In photo op at GM picket line, Sanders promotes nationalism, covers for Democrats and UAW

By Tom Hall
26 September 2019

Bernie Sanders put in a brief media appearance on the picket line at GM’s Detroit-Hamtramck Assembly Plant Wednesday morning. Roughly 100-200 marched on the picket line but very few were striking GM or other autoworkers. Most were UAW officials and members of the Democratic Socialists of America (DSA) who were there to cheer on Sanders and pose for the cameras.

Sanders was the latest in a stream of Democratic presidential candidates to make cameos on the picket lines. He was preceded by Elizabeth Warren, who visited the same plant on Sunday, Joe Biden, Amy Klobuchar and Tim Ryan. In addition to bolstering their own poll numbers, Sanders and his colleagues are flocking to the picket lines to prop up illusions in the Democrats and the United Auto Workers union, which is working assiduously for the defeat of the strike.

Sanders with an entourage of UAW officials on the picket line

While Democratic candidates claim to support the striking workers, the corporate-controlled party’s real attitude towards the strike was summed up in a New York Times comment by Steven Rattner, Obama’s “car czar” and architect of the Obama administration's bailout of GM and Chrysler in 2009 . “[U]nfortunately, when it comes to the manufacturing sector, where the United States faces global competition, restoring the generous pay and benefits that used to accompany these jobs becomes impossible without jeopardizing the jobs themselves.” In other words, workers must accept industrial slavery in order to ensure the profits of the giant corporations.

In a brief four-minute speech, Sanders said nothing about the role of the Obama administration and the Democrats in forcing through, with the collusion of the UAW, everything that autoworkers are fighting against. The hated two-tier wage structure, which slashed wages for new hires in half, was expanded to all new hires by Obama during the 2009 restructuring of GM and Chrysler. The deal also wiped out more than 30,000 jobs, eliminated the eight-hour day and shifted the responsibility for future retiree health benefits from the companies to a union-controlled benefit fund. As a reward for their role in forcing through cuts, the Obama administration handed the UAW billions of dollars in GM stock through the new UAW-controlled retiree fund.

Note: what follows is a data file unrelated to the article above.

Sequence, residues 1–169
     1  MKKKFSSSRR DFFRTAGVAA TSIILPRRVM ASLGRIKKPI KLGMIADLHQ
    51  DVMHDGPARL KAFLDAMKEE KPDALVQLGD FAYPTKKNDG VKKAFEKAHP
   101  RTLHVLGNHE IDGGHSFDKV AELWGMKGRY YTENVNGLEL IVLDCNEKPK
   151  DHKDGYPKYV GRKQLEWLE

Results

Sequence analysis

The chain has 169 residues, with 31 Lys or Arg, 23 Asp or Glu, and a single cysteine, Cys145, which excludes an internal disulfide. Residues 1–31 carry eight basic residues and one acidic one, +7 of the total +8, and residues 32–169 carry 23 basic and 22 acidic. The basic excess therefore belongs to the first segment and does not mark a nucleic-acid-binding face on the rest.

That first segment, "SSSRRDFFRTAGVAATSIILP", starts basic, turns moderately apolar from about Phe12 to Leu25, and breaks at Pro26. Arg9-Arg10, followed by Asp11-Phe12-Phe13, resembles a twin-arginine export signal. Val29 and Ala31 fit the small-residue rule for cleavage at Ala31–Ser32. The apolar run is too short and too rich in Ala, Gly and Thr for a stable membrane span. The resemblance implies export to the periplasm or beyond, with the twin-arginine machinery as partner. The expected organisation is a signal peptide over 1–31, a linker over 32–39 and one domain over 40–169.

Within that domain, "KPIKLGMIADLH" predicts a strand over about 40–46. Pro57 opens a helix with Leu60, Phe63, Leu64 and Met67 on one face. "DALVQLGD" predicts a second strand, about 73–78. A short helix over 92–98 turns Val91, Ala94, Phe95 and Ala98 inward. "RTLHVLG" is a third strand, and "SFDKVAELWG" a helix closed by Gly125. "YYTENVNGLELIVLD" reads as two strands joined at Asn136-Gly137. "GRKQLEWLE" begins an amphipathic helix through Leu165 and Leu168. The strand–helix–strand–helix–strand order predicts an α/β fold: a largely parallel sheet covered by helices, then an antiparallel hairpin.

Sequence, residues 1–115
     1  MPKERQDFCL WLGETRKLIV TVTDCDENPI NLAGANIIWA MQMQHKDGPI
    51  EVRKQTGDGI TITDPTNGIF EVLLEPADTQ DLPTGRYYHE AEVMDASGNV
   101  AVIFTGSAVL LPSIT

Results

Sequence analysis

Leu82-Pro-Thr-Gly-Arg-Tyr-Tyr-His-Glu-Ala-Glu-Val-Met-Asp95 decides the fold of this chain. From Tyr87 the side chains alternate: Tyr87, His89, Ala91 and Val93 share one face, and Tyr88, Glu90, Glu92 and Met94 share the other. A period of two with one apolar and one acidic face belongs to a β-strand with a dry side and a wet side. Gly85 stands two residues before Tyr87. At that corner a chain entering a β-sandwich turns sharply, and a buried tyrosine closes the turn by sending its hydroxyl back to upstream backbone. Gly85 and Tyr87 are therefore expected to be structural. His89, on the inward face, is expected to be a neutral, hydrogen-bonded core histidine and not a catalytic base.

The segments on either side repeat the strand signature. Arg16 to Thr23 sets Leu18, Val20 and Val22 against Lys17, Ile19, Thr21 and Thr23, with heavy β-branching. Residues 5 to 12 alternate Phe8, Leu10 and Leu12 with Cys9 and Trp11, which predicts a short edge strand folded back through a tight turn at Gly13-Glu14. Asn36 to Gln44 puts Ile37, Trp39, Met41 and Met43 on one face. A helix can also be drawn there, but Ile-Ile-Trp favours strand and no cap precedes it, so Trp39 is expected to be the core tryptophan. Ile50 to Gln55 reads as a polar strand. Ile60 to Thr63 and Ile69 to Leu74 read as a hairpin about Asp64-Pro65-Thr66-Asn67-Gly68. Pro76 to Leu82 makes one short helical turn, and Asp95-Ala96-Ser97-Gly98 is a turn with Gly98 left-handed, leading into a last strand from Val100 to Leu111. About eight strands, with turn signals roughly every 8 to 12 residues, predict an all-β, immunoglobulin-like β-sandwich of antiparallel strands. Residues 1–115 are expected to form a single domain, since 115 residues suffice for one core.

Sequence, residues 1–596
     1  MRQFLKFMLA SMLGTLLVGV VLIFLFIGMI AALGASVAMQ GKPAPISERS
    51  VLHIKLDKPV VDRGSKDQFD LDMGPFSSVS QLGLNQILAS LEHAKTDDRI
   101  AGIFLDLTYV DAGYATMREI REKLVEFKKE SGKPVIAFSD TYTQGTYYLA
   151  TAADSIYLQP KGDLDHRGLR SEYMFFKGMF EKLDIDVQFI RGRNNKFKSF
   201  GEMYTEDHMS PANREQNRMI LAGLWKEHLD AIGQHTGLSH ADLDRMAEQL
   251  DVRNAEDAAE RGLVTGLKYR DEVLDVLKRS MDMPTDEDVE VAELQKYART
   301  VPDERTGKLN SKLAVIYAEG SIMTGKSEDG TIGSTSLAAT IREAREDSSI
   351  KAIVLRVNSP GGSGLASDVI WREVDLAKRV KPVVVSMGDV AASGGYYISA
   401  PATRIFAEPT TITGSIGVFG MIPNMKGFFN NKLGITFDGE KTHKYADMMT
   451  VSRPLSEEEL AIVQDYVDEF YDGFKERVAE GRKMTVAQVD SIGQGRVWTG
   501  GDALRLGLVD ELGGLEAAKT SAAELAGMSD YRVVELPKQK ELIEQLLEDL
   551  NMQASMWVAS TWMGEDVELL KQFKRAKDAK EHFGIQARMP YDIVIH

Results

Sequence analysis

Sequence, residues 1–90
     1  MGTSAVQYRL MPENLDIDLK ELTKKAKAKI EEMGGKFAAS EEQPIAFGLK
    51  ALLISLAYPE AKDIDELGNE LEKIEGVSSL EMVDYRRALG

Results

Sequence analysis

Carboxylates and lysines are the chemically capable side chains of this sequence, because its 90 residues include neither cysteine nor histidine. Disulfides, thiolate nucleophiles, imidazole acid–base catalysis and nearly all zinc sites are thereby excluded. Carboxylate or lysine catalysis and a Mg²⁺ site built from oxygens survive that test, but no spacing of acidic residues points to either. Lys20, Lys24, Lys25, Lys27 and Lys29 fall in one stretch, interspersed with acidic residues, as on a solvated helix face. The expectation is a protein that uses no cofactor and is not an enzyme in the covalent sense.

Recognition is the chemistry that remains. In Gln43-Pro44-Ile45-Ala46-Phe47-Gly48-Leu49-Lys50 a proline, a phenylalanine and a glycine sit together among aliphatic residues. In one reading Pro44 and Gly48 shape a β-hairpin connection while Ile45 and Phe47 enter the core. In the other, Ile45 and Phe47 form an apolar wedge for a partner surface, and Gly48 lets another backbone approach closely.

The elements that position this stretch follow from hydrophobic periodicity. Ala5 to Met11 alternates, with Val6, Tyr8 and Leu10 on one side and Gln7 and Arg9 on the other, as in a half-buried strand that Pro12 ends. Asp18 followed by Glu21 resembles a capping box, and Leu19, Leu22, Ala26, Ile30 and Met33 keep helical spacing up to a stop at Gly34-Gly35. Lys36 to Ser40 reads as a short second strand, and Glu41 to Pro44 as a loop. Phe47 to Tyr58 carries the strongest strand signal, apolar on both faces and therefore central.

Obama continued his attack on autoworkers in the Affordable Care Act in 2010, which was aimed at pushing workers off employer-sponsored plans. It provided for a punitive 40 percent excise tax on higher quality employer-sponsored plans, which is scheduled to take effect next year. The Democrats reference to this as the “Cadillac tax” made clear that autoworkers’ healthcare plans are a primary target of the provision.

Sanders referred to the bailout briefly but neglected to name its author or its results. “You’ve got a corporation that received a $50 billion bailout when the economy went south. You’ve got a corporation that has made $35 billion in profits in the last three years. You’ve got a corporation that has paid its CEO $22 million in compensation. You’ve got a corporation that provided $25 billion in stock buybacks,” he said.

After his speech, WSWS Autoworker Newsletter editor Jerry White asked Sanders: “But didn’t the two-tier wage system get imposed by Obama and the Democratic Party? Wasn’t it your party that slashed wages in the 2009 bailout?” Sanders did not reply.

Sanders speaking at UAW rally Wednesday

Sanders continued the anti-Mexican nationalism that has long been his stock-in-trade. Workers “are tired of working in factories for decades and waking up one day and seeing that factory moved to Mexico, where workers are paid $3 an hour,” Sanders said. “What we are saying today to General Motors is start investing in your workers, stop cutting healthcare, stop threatening pensions, pay your workers a decent wage, stop shutting down plants in America and moving abroad.”

But Sanders made no mention of the fact that Mexican workers are engaged in a struggle against the same giant auto corporations and support the GM strikers in the United States. Several workers at GM’s plant in Silao, Mexico have been victimized for refusing to accept an increase in production during the strike and issuing statements of support for US autoworkers in a recent call-in meeting sponsored by the Autoworker Newsletter. Nor did he mention the strikes over the past month by GM workers in South Korea.